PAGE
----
Identity and Mistrust in “Infernal Affairs”

Peter Hechler

Infernal Affairs (2002) risks losing its audience in its story almost as much as the main characters risk losing themselves in what they do. From directors Andy Lau and Alan Mak comes a film about identity and acting. And of course, a film about acting puts heavy reliance on its actors. Luckily for Infernal Affairs, this trust is well-placed, as the actors definitely carry the film. Audiences seemed to agree that it was a success, as the film has received critical acclaim not only in Hong-Kong, where it was made, but also internationally.

Infernal Affairs is the story of two men: one who is a deeply undercover cop working under a gang leader and one who is the exact opposite—a man who is a mole for the same gang, working in the police force. They are both given the same task: they are to find the traitor in their ranks and deal with him. Whoever finds the other first, will undoubtedly win, and as the film itself notes, whoever loses, dies.

From here on out begins a tale of espionage, centering on these two characters. The film starts at fast pace and continues to build, with violence always looming overhead. In a tale of false identities, it is critical that the actors do their job as well as they do. Tony Leung, known for Hero and In the Mood for Love, plays the part of Yan, the undercover cop. Andy Lau (separate from the director, Andrew Lau), known for House of Flying Daggers and The Warlords, plays the part of the gang mole, Ming Lau. Their actual dialogue tends to show very little of what they actually think, as most of it is in their roles. For example, toward the start of the film, we see the police trying to bust the gang for drugs. Both of the main characters are working for their respective sides and neither is in a position for much dialogue. And yet, this is one of the more telling scenes, as they show who they’ve become as adults outside of training. Almost no words are exchanged during this scene. However, it is precisely through their non-verbal acting and careful words that we see who they are. Though we know who they supposedly are at the start of the film, the question of identity remains throughout the film, and if you think you’ve got these characters figured out, then you had better finish the film.

While Infernal Affairs does deal with gangs and police forces and has a lot of violence, it takes much more after a film like Goodfellas, rather than The Godfather. A danger of many films in the gangster genre is the idea of glorifying this underworld, which Infernal Affairs does a good job of avoiding. Instead of working within the underworld and making some of them seem like heroes, Infernal Affairs shows the kind of ambiguity that we see in Goodfellas, where the world is incredibly harsh, yet far from black and white. Henry Hill and Jimmy Conways’ characters from Goodfellas are much closer to those in Infernal Affairs than those of Michael and Sonny Corleone in The Godfather. Yet Infernal Affairs never takes the perspective of a character like Henry Hill’s in Goodfellas. And as there is no inner monologue, our access to these characters is done purely through how the actors themselves show these characters on camera.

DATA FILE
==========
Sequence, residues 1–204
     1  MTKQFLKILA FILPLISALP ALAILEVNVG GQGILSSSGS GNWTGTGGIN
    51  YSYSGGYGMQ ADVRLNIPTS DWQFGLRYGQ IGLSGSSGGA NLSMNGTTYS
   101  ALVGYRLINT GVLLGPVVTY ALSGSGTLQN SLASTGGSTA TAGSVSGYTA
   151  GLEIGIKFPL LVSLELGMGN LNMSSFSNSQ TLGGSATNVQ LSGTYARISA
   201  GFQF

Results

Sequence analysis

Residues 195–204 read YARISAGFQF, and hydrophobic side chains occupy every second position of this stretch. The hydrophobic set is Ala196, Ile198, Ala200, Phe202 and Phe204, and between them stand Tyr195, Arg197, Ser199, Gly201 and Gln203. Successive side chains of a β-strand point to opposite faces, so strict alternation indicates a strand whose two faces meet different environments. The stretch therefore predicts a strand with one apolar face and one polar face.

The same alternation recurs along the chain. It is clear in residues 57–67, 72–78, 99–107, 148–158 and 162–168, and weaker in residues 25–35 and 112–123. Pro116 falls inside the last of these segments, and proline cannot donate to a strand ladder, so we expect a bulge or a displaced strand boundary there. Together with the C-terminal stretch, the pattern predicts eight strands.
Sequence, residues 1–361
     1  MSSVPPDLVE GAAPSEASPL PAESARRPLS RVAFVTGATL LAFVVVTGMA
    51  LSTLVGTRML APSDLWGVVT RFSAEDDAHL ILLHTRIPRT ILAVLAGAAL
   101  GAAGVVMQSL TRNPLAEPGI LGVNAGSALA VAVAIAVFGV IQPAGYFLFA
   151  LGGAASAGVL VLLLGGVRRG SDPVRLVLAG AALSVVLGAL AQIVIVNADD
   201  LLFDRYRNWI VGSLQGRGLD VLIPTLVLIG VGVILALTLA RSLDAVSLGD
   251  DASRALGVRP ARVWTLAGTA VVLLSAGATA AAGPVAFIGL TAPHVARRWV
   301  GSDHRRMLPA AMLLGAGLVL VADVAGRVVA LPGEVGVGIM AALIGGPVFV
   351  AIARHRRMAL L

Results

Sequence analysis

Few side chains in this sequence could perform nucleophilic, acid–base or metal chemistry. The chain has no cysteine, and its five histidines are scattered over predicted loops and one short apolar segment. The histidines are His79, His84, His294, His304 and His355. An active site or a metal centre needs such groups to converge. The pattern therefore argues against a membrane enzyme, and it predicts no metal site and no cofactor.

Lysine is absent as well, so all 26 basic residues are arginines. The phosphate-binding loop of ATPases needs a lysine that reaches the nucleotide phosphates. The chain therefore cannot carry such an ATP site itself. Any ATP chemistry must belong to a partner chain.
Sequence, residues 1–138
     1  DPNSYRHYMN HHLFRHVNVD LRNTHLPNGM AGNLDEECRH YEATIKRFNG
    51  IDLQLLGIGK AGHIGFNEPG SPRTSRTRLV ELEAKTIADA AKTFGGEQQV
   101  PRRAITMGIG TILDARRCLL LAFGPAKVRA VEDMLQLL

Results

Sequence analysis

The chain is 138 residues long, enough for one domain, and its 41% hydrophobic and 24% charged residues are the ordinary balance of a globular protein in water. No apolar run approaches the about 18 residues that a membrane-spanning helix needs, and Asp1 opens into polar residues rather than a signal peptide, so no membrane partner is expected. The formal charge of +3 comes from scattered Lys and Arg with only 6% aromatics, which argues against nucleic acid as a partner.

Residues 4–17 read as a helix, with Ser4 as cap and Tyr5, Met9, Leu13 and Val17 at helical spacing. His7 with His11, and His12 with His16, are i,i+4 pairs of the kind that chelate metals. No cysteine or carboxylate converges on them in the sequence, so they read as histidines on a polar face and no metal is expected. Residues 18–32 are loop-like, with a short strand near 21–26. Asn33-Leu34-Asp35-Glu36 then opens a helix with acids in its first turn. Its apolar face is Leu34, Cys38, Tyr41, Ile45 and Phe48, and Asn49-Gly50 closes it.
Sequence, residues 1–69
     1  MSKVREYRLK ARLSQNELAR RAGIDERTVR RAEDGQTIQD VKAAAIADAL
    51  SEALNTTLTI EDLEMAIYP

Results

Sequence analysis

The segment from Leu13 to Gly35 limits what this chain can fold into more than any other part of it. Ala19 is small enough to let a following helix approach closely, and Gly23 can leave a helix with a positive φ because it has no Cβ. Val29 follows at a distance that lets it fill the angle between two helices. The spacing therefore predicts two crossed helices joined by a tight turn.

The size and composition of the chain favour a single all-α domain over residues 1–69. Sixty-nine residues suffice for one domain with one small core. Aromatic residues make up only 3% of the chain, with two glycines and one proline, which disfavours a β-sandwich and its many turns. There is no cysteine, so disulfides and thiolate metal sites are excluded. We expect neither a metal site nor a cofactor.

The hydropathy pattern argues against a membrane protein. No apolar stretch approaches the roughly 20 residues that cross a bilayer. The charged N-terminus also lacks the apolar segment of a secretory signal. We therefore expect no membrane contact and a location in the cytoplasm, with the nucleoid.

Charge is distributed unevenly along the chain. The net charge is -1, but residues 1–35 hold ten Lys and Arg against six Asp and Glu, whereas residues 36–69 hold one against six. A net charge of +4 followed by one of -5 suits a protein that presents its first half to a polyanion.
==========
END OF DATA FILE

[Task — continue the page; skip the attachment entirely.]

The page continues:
Of course, the actors alone do not make the film. A good actor will never reach his or her full potential without good direction. In the case of Infernal Affairs, there are two directors: Andrew Lau and Alan Mak, both of whom are now known for the Infernal Affairs movies in particular. However, Andrew Lau has done extensive work as a cinematographer and photographer, and Alan Mak was a relatively new director at the time, who also has received credits on the Academy Award-Winning adaptation of Infernal Affairs, The Departed. Their combined efforts yielded a strongly directed and beautifully shot film.

All in all, Infernal Affairs is a film about identity, who you are and who you choose to be. It takes the form a fast paced gang-thriller, but to stereotype it by genre would be to judge a book by its cover, which would be a grave mistake here. The acting and character development brings this film to life, engaging the audience in a very relatable way.

 

Works Cited:

“Goodfellas” Internet Movie Database, 2014. 8 April 2014.

“The Godfather” Internet Movie Database, 2014. 8 April 2014.

 “Infernal Affairs” Internet Movie Database, 2014. 8 April 2014.

Infernal Affairs. Dir. Andrew Lau and Alan Mak. Perf. Andy Lau, Tony Chiu Wai Leung, Anthony Wong, Chau-Sang. Media Asia Films. 2002. Film.

One thought on “Identity and Mistrust in “Infernal Affairs””

  1. Infernal Affairs seems to be a good one, especially for me. I think I would love to get it soon. I always read about plot and then I get it.

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